Adjusting project schedules and plans due to lower revenues and higher project cost estimates


Sound Transit is facing an unprecedented and extremely challenging financial environment caused by two major, simultaneous factors: (1) a pandemic-driven recession that has severely reduced consumer spending and government agency tax revenues; and (2) unrelenting pressures in the real estate and construction sectors of the economy that are continuing to drive costs to levels significantly beyond those foreseen in our plans.

Reduced consumer spending limits available revenues for construction

The COVID-19 crisis has greatly reduced the revenues Sound Transit relies on to expand our regional transit system. As businesses remained closed and people stayed home, sales tax revenues critical to funding transit construction have declined rapidly. Severely reduced ridership fare earnings and other lower tax receipts have compounded our revenue shortfalls.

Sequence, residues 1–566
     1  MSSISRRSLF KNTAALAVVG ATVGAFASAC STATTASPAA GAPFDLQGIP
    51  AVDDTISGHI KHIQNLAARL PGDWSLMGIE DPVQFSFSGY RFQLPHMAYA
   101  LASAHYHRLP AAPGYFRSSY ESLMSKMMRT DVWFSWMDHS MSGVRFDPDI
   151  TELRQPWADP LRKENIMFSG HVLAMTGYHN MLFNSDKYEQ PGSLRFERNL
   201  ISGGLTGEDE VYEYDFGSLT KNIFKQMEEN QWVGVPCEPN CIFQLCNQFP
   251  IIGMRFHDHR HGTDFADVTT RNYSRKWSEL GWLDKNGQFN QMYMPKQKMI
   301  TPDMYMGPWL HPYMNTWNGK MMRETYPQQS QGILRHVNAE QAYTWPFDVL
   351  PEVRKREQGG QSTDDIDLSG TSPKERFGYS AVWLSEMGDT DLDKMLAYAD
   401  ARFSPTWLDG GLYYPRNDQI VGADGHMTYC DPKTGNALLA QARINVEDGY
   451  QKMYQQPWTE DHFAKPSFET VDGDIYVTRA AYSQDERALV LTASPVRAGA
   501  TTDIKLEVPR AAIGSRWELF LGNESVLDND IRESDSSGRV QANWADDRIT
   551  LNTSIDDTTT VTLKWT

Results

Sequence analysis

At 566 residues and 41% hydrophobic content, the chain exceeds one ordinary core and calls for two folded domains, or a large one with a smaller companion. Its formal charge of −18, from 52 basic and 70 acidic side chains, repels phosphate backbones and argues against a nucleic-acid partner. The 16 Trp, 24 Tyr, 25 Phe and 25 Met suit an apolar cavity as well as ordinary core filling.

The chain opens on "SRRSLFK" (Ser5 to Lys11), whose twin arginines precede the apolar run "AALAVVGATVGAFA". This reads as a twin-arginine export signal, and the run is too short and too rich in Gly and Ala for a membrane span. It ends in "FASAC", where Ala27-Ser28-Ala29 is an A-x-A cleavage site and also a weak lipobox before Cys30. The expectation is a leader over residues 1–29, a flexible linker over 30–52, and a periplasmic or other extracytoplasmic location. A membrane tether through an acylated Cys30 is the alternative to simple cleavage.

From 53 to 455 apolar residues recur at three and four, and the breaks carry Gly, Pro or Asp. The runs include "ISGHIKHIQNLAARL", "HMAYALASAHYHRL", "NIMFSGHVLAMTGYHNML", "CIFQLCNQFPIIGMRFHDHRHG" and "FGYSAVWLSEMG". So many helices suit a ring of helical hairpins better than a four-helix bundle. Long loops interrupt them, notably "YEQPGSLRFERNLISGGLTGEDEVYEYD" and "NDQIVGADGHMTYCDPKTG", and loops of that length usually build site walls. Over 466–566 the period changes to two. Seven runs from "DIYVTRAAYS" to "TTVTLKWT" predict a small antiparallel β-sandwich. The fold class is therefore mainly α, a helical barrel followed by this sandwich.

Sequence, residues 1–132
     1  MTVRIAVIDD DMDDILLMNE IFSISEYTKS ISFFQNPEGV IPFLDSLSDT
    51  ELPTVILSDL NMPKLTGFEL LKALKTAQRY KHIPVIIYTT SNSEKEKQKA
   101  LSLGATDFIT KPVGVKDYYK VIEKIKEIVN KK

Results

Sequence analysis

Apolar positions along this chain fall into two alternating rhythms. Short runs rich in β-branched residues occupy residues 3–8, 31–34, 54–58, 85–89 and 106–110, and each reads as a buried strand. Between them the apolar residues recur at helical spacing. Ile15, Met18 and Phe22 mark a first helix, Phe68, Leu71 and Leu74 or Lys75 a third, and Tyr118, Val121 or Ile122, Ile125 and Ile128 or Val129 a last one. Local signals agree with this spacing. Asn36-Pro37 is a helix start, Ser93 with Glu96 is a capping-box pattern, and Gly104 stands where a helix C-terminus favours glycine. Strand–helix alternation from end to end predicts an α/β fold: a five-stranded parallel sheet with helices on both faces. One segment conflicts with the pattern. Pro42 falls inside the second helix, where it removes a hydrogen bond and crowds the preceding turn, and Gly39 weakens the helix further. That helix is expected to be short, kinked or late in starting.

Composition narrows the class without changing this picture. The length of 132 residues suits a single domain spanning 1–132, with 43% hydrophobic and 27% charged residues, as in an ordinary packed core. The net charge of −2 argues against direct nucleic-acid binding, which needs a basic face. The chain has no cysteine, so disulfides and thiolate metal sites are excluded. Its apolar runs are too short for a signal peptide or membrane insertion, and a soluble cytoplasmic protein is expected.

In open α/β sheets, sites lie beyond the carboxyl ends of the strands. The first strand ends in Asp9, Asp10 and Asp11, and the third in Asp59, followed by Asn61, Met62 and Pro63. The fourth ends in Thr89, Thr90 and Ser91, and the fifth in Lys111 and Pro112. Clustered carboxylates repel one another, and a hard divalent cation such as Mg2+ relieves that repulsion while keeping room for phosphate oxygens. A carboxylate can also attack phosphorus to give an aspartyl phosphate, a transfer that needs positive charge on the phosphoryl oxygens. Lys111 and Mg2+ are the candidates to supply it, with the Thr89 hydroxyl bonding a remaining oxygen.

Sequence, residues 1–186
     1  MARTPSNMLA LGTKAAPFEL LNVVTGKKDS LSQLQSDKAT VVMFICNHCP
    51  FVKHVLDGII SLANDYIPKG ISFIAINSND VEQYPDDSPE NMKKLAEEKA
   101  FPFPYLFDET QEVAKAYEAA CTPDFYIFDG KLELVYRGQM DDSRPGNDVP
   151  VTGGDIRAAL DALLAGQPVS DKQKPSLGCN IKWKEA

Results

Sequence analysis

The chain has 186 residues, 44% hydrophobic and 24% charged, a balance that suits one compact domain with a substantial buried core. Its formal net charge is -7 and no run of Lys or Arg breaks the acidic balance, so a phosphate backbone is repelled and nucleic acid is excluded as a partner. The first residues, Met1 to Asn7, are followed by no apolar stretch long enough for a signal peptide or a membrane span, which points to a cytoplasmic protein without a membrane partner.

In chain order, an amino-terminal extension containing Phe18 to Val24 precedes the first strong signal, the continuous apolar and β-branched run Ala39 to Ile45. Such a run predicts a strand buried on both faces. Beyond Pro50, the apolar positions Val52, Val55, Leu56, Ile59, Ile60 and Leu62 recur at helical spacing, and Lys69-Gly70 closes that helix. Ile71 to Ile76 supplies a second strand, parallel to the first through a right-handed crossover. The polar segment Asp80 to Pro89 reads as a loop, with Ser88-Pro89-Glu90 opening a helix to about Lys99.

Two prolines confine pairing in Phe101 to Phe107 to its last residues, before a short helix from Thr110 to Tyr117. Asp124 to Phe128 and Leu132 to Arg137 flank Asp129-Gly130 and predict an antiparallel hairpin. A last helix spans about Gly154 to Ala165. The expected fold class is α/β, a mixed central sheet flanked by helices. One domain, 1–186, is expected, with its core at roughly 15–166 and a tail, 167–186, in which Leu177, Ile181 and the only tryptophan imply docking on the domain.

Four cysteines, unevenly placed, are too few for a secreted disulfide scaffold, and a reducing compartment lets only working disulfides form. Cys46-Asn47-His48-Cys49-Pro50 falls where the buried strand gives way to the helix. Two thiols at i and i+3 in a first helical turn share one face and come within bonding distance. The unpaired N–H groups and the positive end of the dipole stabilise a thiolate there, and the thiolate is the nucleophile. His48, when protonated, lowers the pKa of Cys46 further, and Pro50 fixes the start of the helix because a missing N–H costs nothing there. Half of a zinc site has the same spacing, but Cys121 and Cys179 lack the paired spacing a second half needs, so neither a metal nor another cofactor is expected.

Real estate and construction costs increases continue to surge 

The recession has not slowed the pace of growth in costs for real estate acquisition or for construction labor and materials. Light rail extension projects in early planning and design, including those to West Seattle, Ballard, Tacoma Dome and a new Operations and Maintenance Facility South, are seeing significant cost estimate increases. For these projects, the cumulative impact of the revised estimates is significant: approximately $4.8 billion to $6.2 billion, or an increase of more than 40%.

Learn more in the Capital program cost estimate growth and response actions memo.

Realignment of project schedules and plans is required to address financial constraints